More X-Code ranting and raving…
One thing that’s nice about X-Code is that it shows you the relative path fragments used to track each project item. In particular if you have a tree of files represented as a tree of items in X-Plane, make sure they’re set to relative-to-enclosed group! If you do this, then you can move whole source-trees around and reconnect them in X-Code with a single command. X-Code’s reconnecting to missing files is pretty good anyway, but setting everything to enclosed-group-relative up front can really save time later.
Last night Austin and I got X-Code into a state where the debugger was clearly out of sync with the source code. Scary! I’ll post more if we can figure out what was going on.
A trick from the Apple guys: X-Code uses environment variables to build up the build environment in a huge complex frightening recursive set of entries…it is very powerful and flexible, but it’s not always obvious what set of effects are combining to create the final project. But they pointed out that if you make a shell-script post-build step (in target-view pick Project->New build Phase–>New Run Script Build Phase) then you can enter a dummy shell script. When the script is executed, X-Code will first use 8 tons of “setenv” commands to dump the internal state of the configuration into the shell environment. The result is visible in the command-line view (normally hidden) in the build progress window. In other words, you can use this to easily dump every single configuration variable’s final value and understand what you’re really getting.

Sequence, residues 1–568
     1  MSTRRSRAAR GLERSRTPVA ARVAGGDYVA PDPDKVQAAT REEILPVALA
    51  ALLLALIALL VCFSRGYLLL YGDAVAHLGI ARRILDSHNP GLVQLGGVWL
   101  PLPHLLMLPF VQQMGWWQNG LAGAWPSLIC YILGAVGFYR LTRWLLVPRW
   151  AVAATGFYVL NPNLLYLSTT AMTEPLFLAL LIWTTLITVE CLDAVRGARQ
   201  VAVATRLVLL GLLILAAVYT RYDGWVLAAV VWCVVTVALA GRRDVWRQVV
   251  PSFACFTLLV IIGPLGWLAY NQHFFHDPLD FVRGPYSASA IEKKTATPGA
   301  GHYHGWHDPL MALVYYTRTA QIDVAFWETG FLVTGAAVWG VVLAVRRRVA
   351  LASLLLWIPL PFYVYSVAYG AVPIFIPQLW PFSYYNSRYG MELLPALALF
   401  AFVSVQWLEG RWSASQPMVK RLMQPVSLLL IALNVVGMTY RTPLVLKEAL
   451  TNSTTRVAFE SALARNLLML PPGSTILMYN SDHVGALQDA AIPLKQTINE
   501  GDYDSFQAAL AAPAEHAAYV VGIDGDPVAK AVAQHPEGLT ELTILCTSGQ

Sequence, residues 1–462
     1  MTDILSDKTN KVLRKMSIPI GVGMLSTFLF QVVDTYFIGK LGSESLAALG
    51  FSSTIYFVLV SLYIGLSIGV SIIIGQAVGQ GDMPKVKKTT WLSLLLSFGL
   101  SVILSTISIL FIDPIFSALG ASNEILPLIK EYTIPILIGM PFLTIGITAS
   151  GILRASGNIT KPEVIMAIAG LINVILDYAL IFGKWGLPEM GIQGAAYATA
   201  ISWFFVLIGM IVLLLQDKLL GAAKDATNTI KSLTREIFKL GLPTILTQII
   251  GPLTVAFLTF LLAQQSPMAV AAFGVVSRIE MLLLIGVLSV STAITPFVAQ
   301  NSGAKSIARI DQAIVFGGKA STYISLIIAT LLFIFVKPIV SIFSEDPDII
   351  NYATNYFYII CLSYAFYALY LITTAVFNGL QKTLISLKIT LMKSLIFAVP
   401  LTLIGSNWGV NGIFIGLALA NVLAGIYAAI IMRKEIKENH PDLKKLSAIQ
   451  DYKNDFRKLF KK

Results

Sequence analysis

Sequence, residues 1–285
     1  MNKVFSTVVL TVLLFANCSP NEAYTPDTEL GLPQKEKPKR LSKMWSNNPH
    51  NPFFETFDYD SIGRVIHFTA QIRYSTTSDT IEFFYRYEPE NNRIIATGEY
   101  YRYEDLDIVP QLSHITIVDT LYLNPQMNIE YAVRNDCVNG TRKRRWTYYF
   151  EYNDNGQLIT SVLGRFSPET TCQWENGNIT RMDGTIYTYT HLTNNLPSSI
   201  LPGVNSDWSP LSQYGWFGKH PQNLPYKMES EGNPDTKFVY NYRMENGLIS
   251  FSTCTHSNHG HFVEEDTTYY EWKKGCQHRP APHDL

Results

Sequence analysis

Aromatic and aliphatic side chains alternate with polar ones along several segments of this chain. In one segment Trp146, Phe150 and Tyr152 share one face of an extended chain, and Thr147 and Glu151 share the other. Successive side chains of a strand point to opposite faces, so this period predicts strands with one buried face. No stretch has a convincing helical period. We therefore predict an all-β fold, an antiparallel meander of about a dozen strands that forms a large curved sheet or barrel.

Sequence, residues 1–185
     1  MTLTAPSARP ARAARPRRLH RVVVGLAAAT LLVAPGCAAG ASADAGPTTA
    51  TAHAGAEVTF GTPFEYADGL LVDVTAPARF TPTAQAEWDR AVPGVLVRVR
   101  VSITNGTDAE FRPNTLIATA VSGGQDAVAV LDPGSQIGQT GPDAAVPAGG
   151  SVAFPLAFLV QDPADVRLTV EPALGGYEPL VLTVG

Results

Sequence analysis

I’ve spent the morning really cleaning out the project - our target now has ZERO customized target settings! In other words, when we make a new target we will not have to change ANYTHING. Or so the theory goes.